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Beijing had vowed not to place any arms on the controversial Spratly Islands as part of a 2015 election pledge. But an unearthed report from the US’ military and security developments involving the People’s Republic of China found that Beijing had broken that pledge after it began arming the island in 2018. The document, published two years ago, was originally sent to Congress.
And within it, the analysis found that China had previously claimed it “did not intend to pursue militarisation”.
However, officials later found in 2018 that China had in fact begun arming the island in the South China Sea.
The report said: “China seeks to secure its objectives without jeopardising the regional stability that remains critical to the economic development that has helped it maintain its monopoly on power.”
The document outlined how China’s leaders were said to employ tactics short of armed conflict, in a bid to pursue its strategic objectives in staking its claim on the disputed waters.
The tactics, according to the US, fell short of provoking an armed conflict with Washington, or any of its allies or partners.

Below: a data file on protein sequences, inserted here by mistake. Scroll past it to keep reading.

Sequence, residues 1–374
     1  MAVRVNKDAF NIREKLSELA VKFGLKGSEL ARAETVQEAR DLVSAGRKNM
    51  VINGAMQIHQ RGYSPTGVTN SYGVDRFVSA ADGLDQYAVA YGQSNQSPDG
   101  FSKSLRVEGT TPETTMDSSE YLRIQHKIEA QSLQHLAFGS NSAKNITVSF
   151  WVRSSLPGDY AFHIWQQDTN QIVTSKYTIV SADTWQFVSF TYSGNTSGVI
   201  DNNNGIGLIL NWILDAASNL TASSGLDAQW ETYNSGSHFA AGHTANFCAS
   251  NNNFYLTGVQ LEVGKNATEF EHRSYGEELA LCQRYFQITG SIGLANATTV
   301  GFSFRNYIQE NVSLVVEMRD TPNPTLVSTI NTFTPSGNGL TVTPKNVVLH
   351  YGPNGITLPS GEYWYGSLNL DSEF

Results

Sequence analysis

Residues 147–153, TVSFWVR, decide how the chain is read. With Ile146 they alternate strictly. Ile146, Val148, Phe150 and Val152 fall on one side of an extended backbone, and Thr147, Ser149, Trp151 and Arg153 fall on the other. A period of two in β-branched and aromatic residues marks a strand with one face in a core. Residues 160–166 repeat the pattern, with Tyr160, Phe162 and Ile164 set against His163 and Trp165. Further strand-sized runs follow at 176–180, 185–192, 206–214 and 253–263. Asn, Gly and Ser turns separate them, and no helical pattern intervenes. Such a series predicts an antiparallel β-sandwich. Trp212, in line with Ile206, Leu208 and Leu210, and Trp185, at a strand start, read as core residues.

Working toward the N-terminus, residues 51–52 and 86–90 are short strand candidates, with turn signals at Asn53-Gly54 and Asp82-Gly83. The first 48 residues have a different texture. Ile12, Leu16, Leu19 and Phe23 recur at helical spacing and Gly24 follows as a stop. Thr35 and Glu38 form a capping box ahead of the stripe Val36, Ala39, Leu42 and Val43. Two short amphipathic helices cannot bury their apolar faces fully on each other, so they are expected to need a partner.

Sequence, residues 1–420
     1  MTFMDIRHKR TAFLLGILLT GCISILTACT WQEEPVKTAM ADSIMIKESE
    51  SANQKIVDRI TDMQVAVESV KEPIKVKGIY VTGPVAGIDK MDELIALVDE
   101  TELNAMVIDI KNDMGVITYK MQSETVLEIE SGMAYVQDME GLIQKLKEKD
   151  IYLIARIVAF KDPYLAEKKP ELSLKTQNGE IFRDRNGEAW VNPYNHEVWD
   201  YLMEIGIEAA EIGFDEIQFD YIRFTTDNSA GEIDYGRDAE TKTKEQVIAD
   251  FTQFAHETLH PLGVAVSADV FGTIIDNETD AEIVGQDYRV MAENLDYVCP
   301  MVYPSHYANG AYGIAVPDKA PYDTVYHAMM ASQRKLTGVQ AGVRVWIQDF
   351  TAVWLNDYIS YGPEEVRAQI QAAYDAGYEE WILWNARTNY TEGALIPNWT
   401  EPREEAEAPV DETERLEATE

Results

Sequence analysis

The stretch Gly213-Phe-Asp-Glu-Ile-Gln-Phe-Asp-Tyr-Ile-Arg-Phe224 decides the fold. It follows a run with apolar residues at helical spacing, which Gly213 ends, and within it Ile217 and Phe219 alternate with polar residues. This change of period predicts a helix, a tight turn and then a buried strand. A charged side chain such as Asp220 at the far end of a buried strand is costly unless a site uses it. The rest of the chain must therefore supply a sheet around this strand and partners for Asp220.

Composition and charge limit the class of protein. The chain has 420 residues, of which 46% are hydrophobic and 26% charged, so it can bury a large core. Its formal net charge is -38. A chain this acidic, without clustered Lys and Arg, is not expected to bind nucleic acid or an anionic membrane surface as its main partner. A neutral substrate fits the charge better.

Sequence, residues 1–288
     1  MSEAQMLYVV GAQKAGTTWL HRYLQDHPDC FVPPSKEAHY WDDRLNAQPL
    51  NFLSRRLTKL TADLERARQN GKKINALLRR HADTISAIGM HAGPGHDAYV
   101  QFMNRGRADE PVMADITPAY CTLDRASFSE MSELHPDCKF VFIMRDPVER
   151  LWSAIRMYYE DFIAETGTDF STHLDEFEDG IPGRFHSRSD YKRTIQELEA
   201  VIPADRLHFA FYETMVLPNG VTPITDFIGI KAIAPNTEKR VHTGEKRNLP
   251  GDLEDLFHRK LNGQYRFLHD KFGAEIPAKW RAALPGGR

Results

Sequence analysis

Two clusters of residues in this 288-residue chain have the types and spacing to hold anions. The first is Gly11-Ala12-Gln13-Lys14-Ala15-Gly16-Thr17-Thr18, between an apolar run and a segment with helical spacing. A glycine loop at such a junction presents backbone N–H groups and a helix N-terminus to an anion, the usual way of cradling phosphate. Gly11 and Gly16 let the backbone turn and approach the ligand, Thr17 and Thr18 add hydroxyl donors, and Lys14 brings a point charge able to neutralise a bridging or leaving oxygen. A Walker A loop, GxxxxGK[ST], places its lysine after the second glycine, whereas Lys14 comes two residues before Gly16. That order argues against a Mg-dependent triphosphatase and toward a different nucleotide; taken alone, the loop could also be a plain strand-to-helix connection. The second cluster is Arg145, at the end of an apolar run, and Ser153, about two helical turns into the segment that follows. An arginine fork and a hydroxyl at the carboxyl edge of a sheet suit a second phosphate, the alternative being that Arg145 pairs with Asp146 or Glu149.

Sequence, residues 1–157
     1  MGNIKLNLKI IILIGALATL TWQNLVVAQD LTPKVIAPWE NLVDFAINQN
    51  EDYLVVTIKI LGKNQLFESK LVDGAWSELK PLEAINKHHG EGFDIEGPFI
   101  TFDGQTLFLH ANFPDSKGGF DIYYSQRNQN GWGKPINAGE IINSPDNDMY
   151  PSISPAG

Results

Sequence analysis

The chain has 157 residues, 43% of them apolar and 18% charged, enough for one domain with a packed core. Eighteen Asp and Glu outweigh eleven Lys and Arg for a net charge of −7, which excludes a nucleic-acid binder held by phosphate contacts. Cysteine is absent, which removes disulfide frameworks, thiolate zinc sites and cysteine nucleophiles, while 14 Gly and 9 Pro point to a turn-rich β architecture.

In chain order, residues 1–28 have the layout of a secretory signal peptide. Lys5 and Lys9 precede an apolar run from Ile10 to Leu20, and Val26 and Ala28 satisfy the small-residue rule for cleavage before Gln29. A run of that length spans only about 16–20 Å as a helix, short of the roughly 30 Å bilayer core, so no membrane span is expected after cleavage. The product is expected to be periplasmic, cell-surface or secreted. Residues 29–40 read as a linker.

The report added: “These tactics are particularly evident in China’s pursuit of its territorial and maritime claims in the South and East China Seas as well as along its borders with India and Bhutan.
“In 2018, China continued militarisation in the South China Sea by placing anti-ship cruise missiles and long-range surface-to-air missiles on outposts in the Spratly Islands, violating a 2015 pledge by Chinese President Xi Jinping that China does not intend to pursue militarisation of the Spratly Islands.
“China is also willing to employ coercive measures – both military and non-military – to advance its interests and mitigate opposition from other countries.”
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The development comes at a time of high drama between the US and China over the waters.
The ongoing row is centred around the waters, which are the richest in the world.
China claims almost all of the strategic South China Sea, despite other nations making their own claims on the waters.
Others arguing their rights to the seas include Brunei, Indonesia, Taiwan and the Philippines.
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It comes as growing tensions over the waters have seen Asia as a continent continue to fracture.
Last month, the Philippines’ former foreign affairs chief Albert del Rosario issued a chilling warning to Beijing, claiming that his country should be wary of China’s threat and that of the coronavirus pandemic.
Mr Rosario said: “These recent events in the South China Sea remind us Filipinos to be eternally vigilant in the defence of our country’s territory and sovereign rights even as we confront a very grave threat as COVID-19.
“As we struggle against a pandemic that poses a real threat to our lives, we must not also risk losing our national patrimony upheld by international law and meant for present and future generations of Filipinos.”
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